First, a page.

Note: This lecture is for the interested student and will not be part of the exam material.

In this lecture we study two more parsing algorithms.

Predictive parsing is a top-down parsing approach in which the stack contains the symbols to parse. Actions consist in either popping a terminal off the stack when that coincides with the next input token, or in predicting a production for the non-terminal that is on top of the stack and replacing that non-terminal with the symbols on the right-hand side of the predicted production. We discuss how to derive an LL(1) automaton from a grammar based on the FIRST and FOLLOW set for that grammar.

Generalized LR parsing is a generalization of the LR parsing algorithm that we studied last week. The LR parsing algorithm is deterministic. At each point there is a single shift or reduce action that can take place. That means, that an LR parser cannot handle shift/reduce conflicts in the parse table. A Generalized-LR parser handles such conflicts by forking the stack and continuing to parse the input with two parsers in parallel. This may lead to multiple parsers to be active simultaneously. When two parsers end up in the same state again, their stacks are merged.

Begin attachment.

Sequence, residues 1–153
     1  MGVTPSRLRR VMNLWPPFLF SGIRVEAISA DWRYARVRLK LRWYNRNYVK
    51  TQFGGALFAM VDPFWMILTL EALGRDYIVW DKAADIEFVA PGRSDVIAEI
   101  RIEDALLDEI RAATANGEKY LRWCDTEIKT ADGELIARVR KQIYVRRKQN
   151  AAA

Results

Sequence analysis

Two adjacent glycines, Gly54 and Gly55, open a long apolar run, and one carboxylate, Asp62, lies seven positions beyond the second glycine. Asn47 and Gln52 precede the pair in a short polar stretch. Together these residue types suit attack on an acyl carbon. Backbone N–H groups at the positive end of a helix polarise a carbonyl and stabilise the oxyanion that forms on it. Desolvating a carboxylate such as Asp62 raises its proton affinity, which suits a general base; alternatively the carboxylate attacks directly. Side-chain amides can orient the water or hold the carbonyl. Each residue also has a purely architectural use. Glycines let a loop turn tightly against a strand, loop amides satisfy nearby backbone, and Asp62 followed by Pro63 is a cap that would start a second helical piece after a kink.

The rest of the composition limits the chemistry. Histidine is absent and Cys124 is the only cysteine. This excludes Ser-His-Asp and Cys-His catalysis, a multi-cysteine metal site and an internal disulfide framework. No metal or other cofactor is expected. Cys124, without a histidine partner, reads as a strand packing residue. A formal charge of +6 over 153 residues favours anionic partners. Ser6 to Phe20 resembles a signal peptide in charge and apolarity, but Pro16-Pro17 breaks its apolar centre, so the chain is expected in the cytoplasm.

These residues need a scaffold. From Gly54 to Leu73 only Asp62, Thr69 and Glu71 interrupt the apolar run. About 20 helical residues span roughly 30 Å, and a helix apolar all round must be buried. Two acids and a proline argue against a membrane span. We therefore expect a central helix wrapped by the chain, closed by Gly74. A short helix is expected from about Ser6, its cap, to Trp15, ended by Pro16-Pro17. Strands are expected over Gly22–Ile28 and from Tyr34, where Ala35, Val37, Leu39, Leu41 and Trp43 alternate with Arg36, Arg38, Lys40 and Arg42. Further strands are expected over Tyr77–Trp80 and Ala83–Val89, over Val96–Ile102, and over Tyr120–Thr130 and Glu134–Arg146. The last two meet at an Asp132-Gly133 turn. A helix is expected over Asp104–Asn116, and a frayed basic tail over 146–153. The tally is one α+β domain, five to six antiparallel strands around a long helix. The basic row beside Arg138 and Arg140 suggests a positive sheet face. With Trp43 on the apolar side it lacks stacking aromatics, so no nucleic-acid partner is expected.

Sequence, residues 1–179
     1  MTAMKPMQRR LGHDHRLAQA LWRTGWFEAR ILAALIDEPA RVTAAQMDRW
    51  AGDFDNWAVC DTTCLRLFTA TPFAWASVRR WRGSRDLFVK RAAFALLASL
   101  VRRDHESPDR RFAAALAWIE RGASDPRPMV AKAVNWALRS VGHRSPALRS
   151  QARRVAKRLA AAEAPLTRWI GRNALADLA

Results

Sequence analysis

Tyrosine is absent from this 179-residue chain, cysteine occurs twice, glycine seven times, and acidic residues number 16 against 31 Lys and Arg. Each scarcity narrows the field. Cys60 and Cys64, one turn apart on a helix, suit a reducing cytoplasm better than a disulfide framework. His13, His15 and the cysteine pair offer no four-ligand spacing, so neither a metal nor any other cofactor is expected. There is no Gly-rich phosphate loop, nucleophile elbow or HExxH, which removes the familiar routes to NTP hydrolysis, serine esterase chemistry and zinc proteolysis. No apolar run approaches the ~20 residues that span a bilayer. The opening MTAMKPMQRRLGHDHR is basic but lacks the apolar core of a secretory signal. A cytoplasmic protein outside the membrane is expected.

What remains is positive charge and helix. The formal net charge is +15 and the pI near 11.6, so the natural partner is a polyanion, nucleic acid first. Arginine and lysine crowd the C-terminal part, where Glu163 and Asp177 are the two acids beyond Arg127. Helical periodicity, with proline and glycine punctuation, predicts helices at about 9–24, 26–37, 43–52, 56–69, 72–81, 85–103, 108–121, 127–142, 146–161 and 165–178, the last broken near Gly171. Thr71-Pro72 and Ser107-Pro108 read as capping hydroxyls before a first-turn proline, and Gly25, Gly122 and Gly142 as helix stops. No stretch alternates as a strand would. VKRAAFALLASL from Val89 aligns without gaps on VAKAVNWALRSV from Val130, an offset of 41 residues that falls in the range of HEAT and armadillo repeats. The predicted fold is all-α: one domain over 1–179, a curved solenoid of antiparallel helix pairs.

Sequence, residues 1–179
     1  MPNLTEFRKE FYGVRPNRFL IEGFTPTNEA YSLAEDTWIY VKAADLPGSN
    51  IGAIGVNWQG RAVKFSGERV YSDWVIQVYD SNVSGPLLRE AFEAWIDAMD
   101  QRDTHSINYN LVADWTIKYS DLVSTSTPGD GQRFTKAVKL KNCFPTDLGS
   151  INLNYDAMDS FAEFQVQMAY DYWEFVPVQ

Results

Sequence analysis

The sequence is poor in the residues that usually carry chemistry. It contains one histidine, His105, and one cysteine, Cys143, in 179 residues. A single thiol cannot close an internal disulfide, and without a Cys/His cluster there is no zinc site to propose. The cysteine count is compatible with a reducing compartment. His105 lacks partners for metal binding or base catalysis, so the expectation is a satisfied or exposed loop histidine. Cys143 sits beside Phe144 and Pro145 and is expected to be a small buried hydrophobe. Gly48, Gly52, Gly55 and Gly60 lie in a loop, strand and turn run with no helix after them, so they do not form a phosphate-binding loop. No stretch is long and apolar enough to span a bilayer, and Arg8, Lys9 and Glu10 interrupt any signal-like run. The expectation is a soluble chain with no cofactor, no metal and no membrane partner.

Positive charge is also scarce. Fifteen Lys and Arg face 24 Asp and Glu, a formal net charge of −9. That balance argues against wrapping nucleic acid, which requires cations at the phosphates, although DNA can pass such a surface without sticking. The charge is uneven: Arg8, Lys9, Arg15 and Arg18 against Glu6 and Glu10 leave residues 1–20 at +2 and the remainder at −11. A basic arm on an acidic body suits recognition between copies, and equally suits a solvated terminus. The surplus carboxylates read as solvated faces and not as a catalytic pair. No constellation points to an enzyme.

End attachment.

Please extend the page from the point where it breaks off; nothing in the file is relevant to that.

There are many more parsing algorithms than we can study in this course.
In the references a couple of pointers to other sources about parsing algorithms.
These include `ALL(*)`

, the algorithm that is at the basis of the popular ANTLR parser generator,
parsing expression grammars (PEGs) another popular parsing approach,
and parsing combinators in Haskell and Scala.